The prevalence of rabies in bats is very low. However, most of the recent rabies cases in the United States have been caused by bat-associated rabies viruses, thus any bat should be considered a risk for rabies. Bat should be prevented from entering homes and everyone should avoid touching bats. Information on how to peacefully coexist with bats by “bat proofing” homes can be found through Bat Conservation International at www.batcon.org/.
If a sleeping person, a non-verbal child, or a mentally incapacitated person is found alone with a bat in the same room the bat should be tested for rabies. The exposed person may need to be treated with post exposure anti-rabies treatments if the bat can not be tested, or if rabies test results are positive.
If you have any questions or have a possible bat bite please call your physician.
If you have questions please call Emmet County Public Health at 712-362-2490
For more information on rabies and post exposure treatment, see:
Volunteers – “I Can Help!”
Emmet County Emergency Preparedness Task Force is looking for Volunteers for Emmet County in the event of an Emergency. Likely areas where volunteers would be used:
- Special needs shelters
- Clean up
- Medication, supply, or food distribution centers
- Traffic control
- Food preparation for workers
- Telephone banks
- Medical Care
- Resource management
- Damage assessment
If you can say “I CAN HELP” please register as an Emmet County Emergency Response volunteer.
- Defend Your Flock Information
- USDA Confirmation (Outbreaks) of HPAI in Commercial & Backyard Flocks
- USDA Detection of HPAI in Wild Birds
Avian influenza (AI) is caused by an influenza type A virus which can infect poultry (such as chickens, turkeys, pheasants, quail, domestic ducks, geese, and guinea fowl) and wild birds (especially waterfowl).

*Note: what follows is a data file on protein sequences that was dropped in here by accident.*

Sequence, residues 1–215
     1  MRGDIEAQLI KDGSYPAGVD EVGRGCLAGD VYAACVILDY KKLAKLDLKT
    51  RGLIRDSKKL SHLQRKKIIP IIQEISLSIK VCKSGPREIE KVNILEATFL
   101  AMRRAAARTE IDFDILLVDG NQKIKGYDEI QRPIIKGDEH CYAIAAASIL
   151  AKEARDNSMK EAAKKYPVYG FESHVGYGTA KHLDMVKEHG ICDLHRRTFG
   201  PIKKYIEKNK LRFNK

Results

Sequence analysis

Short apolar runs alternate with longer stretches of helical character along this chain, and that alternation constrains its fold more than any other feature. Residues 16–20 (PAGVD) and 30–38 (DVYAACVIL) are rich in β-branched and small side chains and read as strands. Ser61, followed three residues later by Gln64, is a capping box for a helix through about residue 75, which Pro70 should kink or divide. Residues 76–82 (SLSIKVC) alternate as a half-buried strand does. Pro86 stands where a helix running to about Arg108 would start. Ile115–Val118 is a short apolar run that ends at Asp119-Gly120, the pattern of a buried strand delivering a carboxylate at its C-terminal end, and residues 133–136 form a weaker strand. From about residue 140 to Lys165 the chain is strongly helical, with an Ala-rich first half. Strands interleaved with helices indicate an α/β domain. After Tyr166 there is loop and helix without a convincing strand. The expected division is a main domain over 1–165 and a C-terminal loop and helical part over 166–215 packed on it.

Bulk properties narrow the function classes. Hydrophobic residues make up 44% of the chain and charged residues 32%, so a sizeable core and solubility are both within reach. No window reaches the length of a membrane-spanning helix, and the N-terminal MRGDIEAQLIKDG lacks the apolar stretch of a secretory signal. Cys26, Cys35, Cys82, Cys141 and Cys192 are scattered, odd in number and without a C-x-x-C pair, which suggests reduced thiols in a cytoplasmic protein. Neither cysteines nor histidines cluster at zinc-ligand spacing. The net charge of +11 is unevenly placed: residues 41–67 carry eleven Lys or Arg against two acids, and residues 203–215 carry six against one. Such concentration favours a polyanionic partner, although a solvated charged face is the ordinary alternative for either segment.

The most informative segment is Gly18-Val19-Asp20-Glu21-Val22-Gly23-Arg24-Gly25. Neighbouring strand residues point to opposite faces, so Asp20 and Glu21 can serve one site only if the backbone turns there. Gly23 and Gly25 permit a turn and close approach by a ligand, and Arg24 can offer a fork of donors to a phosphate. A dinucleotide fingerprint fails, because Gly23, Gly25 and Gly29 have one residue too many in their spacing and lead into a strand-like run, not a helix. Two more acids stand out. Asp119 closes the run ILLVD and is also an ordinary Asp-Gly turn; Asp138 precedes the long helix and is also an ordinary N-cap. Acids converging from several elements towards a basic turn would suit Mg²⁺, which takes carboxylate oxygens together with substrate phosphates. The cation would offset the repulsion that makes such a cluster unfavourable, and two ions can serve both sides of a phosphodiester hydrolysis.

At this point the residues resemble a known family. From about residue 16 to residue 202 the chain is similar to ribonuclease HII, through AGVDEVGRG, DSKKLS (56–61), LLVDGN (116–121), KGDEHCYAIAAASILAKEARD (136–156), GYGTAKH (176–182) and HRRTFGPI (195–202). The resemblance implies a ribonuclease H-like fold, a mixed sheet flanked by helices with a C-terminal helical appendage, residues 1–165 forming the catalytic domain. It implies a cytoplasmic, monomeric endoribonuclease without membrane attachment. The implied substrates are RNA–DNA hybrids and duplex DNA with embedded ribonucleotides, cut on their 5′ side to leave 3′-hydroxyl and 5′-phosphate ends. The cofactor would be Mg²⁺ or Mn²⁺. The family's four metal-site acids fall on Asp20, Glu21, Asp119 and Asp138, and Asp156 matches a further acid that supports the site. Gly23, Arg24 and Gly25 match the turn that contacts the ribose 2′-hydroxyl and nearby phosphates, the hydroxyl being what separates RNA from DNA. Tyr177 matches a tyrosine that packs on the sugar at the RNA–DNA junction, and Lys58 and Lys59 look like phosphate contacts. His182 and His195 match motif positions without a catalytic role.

AI viruses are classified by a combination of two groups of proteins: hemagglutinin or “H” proteins, of which there are 16 (H1–H16), and neuraminidase or “N” proteins, of which there are 9 (N1–N9).
AI viruses are further classified by their pathogenicity—the ability of a particular virus strain to produce disease in domestic chickens.
- Highly pathogenic avian influenza (HPAI) virus strains are extremely infectious, often fatal to chickens, and can spread rapidly from flock-to-flock.
- Low pathogenicity avian influenza (LPAI) virus strains occur naturally in wild migratory waterfowl and shorebirds without causing illness. LPAI can infect domestic poultry, creating little or no signs of illness.
The designation of HPAI versus LPAI has no correlation to whether the virus causes illness in humans. According to the U.S. Centers for Disease Control and Prevention, these avian influenza detections do not present an immediate public health concern. No human cases of these avian influenza viruses have been detected in the United States. As a reminder, the proper handling and cooking of poultry and eggs to an internal temperature of 165 ˚F kills bacteria and viruses.
Biosecurity is the key to keeping our nation’s poultry healthy. USDA’s Defend the Flock education program offers free tools and resources to help everyone who works with or handles poultry follow proper biosecurity practices. These practices will help keep your birds healthy and reduce the risk of avian influenza and other infectious diseases. Biosecurity is everyone’s job. Become a Flock Defender today and help us protect all flocks! You can find more information on biosecurity and how you can make a difference by clicking this link – https://www.aphis.usda.gov/aphis/ourfocus/animalhealth/animal-disease-information/avian/defend-the-flock-program